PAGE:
That's the question for this post. Why are we in such a hurry all the time? Somehow we have been brain-washed into the mentality of "fill it quick"! Why does a prescription have to be filled so fast? Well, some might say its because the patient is waiting and they don't feel well. OK, I can sympathize with the not feeling well patient, but how long did they spend at the doctor's office? I can bet it was more than 5, 10 or even 15 minutes, so I'm not really buying that one. Others will say, that the sooner they get their meds the sooner they will feel better.That is such a load of crap! Most "sick" patients are getting antibiotics which, I believe I remember from school, don't work instantly. Yes, these patients may be getting cough syrup or anti-nausea meds which will make them "feel better" but a few extra minutes of suffering isn't going to kill them. A miss-fill just might! The other patients are the ones in pain. I agree, they need pain relief, but honestly when you're hurting badly enough the prescription could be filled in record time and it wouldn't matter. In that situation, five minutes fells like an hour. The sick or in pain patients I really do sympathize with but why do we rush ourselves with the prescriptions for chronic meds or refills? I have actually seen pharmacists and techs in such "hurry-up mode" that they were out of breath! AND THEY WERE WORKING ON REFILLS THAT HAD BEEN PHONED IN!! There is something seriously screwed-up with that. How did we get to this point?
I believe that this "hurry-up" mentality has seriously undermined the credibility of this profession. We complain about our patients having a fast-food attitude with us, but we encourage that very attitude every time we rush to get a prescription filled just because the patient complains about our wait-time or threatens to go somewhere else. We cave in, no one forces us to! Why is that? Is it because we know we can speed it up if we need to? Are we afraid they will go somewhere "faster"? We have been pressured by the patient and our employers to work faster and faster. And, like the good little worker-bees that we are, we have complied, but at what cost? There is a price paid for this by the patient and the employer if there is a miss-fill, we all know that, but considering the volume we do that is really rare. But, if you really think about it, we pay a price every day, every hour and every minute that we press ourselves to perform faster and do more. Our profession pays a price in respect and image when we become so performance oriented. It needs to stop!!
With all of that said, I personally maintain a wait-time of under 10 minutes on average. I can do this without the stress of being in a rush for the most part because I have trained my staff to be efficient rather than fast! I have worked in high and low volume stores and I can say I have never felt rushed or over-whelmed. I maintain efficiency by not allowing things like cell-phone, facebook, twitter, blogging, e-mail or long personal phone calls to steal my time. I'm there to work not to socialize and I'm sure my employer agrees. I see pharmacists that waste their time on stuff like this and then wonder why they are so far behind. They usually try to blame it on not having enough staff or they try to blame it on the staff. That's usually when I drop the bomb of being able to breakdown the wait-time indices to see where the delay has occurred. I've also gone so far as to watch security videos to see who is doing what and when. That's sneaky but sometimes necessary. After all, I work with the same techs as all my other pharmacists to so I know what is possible if we just stay focused. Do you remember freshman chemistry when they taught us about the rate-limiting step in a chemical reaction? Well, I've always thought of the pharmacist as the rate-limiting factor in filling a prescription. Nothing can leave the pharmacy until it passes through me (our work-flow makes it pass through us twice), so I control how fast or slow things get done. When I am steady and unstressed so are my staff members. That trickles down into their demeanor with the customers. How the customers are treated ultimately results in a better experience for them, they are willing to wait for their prescription and they are more willing to return. So building our business is not all about speed (which some say equals convenience).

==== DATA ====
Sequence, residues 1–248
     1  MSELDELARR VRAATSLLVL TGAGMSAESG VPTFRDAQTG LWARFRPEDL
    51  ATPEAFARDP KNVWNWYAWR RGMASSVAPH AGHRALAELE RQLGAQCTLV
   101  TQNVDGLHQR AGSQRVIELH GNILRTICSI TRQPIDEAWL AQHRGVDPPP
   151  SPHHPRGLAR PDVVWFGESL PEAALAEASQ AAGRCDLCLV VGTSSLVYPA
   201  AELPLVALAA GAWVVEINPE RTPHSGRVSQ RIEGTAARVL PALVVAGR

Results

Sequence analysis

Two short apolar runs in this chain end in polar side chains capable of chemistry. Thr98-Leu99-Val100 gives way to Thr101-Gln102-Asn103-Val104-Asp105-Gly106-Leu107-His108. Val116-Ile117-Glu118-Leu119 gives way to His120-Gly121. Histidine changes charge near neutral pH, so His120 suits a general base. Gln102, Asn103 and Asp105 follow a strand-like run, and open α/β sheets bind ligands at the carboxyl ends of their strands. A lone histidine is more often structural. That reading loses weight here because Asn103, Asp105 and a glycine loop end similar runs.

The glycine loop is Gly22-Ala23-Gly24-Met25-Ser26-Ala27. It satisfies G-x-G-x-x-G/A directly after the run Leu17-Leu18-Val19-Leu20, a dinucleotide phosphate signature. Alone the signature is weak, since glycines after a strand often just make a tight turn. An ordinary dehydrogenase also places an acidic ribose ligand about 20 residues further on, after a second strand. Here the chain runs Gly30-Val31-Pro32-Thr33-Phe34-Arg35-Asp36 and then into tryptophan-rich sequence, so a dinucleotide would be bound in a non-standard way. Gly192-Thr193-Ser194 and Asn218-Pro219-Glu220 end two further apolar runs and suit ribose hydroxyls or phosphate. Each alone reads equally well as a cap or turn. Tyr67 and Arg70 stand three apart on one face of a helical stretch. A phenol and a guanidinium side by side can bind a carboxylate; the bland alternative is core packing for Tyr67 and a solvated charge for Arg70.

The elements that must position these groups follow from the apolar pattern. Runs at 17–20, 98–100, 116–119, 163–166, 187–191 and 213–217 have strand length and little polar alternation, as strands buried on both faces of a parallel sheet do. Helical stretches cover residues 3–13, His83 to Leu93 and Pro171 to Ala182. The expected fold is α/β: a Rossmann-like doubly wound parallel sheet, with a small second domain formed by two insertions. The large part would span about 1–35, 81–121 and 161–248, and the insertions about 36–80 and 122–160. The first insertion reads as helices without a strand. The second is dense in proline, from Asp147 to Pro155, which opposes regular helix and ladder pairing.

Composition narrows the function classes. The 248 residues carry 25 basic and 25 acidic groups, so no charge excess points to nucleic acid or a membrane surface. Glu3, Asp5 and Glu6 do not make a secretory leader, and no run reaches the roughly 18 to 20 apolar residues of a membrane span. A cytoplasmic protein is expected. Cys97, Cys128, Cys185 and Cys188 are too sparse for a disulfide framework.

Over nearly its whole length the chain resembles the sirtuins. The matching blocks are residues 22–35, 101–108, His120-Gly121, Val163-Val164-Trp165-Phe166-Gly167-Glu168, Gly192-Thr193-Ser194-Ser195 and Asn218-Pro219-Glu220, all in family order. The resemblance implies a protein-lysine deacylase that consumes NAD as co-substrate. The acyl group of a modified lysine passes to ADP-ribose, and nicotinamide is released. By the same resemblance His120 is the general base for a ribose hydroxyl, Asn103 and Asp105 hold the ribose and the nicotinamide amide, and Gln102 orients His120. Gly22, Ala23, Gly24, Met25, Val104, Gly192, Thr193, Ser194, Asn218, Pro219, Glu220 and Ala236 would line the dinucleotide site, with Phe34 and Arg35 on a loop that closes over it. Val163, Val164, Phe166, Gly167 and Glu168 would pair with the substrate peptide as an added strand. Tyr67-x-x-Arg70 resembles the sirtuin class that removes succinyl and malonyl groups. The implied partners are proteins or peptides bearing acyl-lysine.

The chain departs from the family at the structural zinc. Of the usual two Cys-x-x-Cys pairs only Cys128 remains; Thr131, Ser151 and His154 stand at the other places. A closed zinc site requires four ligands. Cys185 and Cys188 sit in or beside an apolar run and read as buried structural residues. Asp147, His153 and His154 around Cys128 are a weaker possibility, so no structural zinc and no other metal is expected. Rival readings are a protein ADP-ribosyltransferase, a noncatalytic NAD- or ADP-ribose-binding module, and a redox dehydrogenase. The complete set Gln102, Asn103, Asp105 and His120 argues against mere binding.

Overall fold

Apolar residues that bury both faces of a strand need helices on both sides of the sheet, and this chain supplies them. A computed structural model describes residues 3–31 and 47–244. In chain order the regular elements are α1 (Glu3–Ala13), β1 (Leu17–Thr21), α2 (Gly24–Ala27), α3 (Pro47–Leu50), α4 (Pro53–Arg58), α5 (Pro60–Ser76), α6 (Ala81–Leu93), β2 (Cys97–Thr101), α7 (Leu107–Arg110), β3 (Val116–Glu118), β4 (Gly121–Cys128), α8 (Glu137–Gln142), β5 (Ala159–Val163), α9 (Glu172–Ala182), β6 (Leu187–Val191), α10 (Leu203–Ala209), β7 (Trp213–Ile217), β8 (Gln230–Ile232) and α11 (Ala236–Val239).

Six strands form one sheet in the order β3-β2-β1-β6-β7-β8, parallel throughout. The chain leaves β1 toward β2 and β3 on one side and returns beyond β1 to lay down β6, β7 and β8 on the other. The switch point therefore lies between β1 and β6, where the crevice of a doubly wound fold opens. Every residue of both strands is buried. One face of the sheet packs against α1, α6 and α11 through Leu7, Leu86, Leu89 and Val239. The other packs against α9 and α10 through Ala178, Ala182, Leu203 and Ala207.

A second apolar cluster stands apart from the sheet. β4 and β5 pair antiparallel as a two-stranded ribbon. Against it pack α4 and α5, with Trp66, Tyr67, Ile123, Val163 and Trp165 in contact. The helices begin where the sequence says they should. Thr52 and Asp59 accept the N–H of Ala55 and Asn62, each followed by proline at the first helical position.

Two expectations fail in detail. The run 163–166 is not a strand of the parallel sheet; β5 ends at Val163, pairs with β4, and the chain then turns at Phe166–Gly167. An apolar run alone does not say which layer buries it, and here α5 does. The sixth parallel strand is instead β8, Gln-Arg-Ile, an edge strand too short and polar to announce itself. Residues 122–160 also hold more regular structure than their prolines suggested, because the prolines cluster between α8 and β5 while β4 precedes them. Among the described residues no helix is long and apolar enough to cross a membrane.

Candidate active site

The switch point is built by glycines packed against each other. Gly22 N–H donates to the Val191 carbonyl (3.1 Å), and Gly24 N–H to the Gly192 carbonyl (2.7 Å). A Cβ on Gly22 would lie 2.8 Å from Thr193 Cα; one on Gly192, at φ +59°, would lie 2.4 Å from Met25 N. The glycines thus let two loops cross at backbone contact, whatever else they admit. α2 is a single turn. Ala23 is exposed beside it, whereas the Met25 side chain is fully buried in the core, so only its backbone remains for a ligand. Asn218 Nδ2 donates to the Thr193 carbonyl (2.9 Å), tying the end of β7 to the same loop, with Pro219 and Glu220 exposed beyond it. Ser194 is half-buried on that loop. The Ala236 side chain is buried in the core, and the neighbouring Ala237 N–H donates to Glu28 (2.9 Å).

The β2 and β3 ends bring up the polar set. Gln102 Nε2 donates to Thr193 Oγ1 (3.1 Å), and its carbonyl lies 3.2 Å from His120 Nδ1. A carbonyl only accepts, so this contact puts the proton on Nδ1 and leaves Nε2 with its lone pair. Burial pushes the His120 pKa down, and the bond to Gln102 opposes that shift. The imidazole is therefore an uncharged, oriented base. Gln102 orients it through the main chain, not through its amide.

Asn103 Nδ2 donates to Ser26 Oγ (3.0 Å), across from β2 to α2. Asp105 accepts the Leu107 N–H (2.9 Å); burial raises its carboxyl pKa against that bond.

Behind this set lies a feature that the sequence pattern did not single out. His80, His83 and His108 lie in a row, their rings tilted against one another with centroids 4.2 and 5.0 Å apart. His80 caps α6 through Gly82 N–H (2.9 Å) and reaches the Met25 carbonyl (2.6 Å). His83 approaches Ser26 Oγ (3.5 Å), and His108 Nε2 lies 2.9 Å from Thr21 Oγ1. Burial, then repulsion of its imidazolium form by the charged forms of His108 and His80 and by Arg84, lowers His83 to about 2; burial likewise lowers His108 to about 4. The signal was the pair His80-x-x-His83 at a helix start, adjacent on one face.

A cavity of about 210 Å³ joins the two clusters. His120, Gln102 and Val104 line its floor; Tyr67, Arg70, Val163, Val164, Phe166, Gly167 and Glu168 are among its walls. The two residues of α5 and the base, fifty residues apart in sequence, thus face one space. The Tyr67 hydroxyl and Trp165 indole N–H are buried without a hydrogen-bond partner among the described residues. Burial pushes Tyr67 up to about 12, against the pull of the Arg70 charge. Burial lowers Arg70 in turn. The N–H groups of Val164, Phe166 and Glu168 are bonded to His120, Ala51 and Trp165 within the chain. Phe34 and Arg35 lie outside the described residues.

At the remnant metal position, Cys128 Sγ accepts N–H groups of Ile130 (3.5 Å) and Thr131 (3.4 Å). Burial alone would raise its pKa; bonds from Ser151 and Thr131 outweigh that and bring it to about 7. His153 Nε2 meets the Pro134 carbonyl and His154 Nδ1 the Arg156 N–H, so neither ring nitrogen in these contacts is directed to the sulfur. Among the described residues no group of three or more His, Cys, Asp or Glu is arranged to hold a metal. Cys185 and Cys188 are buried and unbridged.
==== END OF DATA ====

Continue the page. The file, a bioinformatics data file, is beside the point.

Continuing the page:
So, my friends, slow down, take a breath (or bathroom break) and enjoy yourselves. Be at peace and create a peaceful atmosphere by not rushing yourself or your staff. They will love you for it, they will enjoy their work and your patients will be well taken care of and want to return. Just remember: YOU ARE IN CONTROL!!